Competitive ELISA, Immobilized antibody
At ambient temperature. Upon receipt, store the product at the temperature recommended below.
Store the complete kit at 2–8°C. Under these conditions, the kit is stable until the expiration date (see label on the box).
Rat plasma - CV 5.36 - 6.60
Human plasma - CV 4.69 - 10.67
Rat plasma - CV 5.51 -18.87
Human plasma - CV 9.63 - 17.57
Rat plasma - 102,6%
Human plasma - 97,7%
Diabetology - Other Relevant Products, Energy metabolism and body weight regulation, Animal studies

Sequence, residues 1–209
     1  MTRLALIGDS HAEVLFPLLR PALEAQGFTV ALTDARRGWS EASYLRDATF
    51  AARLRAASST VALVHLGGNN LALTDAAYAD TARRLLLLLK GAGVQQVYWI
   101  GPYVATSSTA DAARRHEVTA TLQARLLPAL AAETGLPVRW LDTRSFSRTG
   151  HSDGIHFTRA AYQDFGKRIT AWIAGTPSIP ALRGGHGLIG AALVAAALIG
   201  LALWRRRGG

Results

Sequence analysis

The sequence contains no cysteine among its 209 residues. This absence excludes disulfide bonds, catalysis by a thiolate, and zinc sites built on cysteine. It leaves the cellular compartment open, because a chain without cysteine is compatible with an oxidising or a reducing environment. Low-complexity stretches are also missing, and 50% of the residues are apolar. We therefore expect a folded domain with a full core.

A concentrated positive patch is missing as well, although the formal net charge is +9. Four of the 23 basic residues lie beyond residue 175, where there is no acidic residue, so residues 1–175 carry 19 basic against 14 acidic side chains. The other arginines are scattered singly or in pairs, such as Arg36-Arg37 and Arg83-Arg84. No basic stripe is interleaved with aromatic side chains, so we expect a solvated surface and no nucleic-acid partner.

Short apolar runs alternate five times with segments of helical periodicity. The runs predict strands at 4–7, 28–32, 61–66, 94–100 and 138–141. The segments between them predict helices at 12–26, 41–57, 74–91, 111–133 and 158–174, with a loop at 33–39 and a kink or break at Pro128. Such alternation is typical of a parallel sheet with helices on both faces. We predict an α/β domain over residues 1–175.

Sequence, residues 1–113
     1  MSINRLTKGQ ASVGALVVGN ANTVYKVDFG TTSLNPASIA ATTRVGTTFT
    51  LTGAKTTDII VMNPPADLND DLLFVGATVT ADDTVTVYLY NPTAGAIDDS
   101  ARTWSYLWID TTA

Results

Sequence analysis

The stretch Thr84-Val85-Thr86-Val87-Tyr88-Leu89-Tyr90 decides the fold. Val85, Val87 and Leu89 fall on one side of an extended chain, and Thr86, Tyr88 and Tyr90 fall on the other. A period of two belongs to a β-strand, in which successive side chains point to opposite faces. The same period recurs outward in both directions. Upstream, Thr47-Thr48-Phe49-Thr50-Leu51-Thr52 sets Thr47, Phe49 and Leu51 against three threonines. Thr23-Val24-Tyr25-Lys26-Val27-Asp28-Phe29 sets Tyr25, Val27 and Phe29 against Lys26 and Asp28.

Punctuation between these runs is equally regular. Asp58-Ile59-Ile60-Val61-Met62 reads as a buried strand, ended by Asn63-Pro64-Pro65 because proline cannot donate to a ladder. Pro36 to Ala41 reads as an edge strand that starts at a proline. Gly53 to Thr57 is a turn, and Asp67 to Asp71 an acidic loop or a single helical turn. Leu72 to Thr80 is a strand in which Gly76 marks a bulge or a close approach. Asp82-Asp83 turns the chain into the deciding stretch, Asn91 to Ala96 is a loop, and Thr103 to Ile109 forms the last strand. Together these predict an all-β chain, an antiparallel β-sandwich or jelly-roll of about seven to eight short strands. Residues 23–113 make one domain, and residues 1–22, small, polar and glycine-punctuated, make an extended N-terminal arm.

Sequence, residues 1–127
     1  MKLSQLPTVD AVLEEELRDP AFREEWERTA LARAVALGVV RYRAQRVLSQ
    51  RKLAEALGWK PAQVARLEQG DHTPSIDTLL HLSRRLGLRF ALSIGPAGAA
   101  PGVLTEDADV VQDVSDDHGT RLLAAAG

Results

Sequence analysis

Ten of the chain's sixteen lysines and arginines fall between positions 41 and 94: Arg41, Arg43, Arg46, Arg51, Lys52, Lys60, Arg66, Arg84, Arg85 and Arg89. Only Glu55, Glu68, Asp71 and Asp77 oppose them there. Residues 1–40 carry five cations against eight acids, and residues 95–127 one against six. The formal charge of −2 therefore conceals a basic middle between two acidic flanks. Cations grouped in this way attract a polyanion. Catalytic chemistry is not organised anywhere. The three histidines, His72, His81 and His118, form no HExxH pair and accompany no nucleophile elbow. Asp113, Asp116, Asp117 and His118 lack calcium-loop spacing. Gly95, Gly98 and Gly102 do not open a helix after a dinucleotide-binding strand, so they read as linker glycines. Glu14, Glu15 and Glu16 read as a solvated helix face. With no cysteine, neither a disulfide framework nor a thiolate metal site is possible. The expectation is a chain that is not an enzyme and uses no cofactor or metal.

GLP-1 is a peptide hormone from the intestinal mucosa, which is produced from its precursor, proglucagon by post transnational processing. The mammalian proglucagon 1) is synthesized in the neuroendocrine L-cell of the intestine and the alpha-cells of the pancreas. It contains within its structure the sequences of glucagon and two glucagon-like peptides (GLP-1 and GLP-2) in tandem flanked at their amino and carboxyl termini by dibasic residues. GLP-1 is a 37 amino acids peptide and produced in the small intestine and in the pancreas in the human, in either C-terminal-amidated on glycine-extended form2) 3). GLP1 (7-36) amide and its receptor are present in several brain regions and may play a role in the physiological control of feeding4). Several reports have been presented as follows as to the biological activities of GLP-1. GLP-1 (7-37) and (7-36) amide is known as one of the most potent insulin secretagogues 5). GLP-1 (7-36) amide was supposed to improved glycemic control in patients with type 2 diabetes by increasing insulin secretion, by inhibiting glucagon secretion and by delaying gastric emptying rather than by altering extrapancreatic glucose metabolism6). Intravenous GLP-1 (7-37) and (7-36) amide could normalize fasting hyperglycaemia in type 2 diabetic patients7). Hyperglycaemia during parenteral nutrition could be controlled by exogenous GLP-1, whereas the chronic therapy of type 2 diabetes required GLP-1 derivatives with longer duration of action 8). Recombinant GLP-1 (7-36) amide was recently shown to cause significant weight loss in type 2 diabetics when administered for 6 weeks as a continuous subcutaneous infusion, 5-day treatment of hereby obese human subjects with GLP-1 at high doses by prandial subcutaneous infusion promptly slowed gastric emptying as a probable mechanism of action of increased satiety, decreased hunger and reduced food intake with an ensuing weight loss9). A G-protein-coupled receptor, GPR120, which is abundantly expressed in intestine, functions as a receptor for unsaturated long-chain FFAs (free fatty acids). The stimulation of GPR120 by FFAs promotes the secretion of GLP-1 in vitro (measured by YK160, Yanaihara Institute Inc) and in vivo, and increases circulation insulin, indicate that GPR120-mediated GLP-1 secretion induced by dietary FFAs is important in the treatment of diabetes10). All these approaches have shown remarkable efficacy in both experimental and clinical studies. The GLP-1-based therapy of type 2 diabetes, therefore, represents a new and attractive alternative11). Yanaihara Institute Inc. developed a quantitative EIA kit with high specificity and sensitivity (detection limit 0.206ng/mL) for rat/mouse/human GLP-1 (YK160) as a useful tool for these necessaries.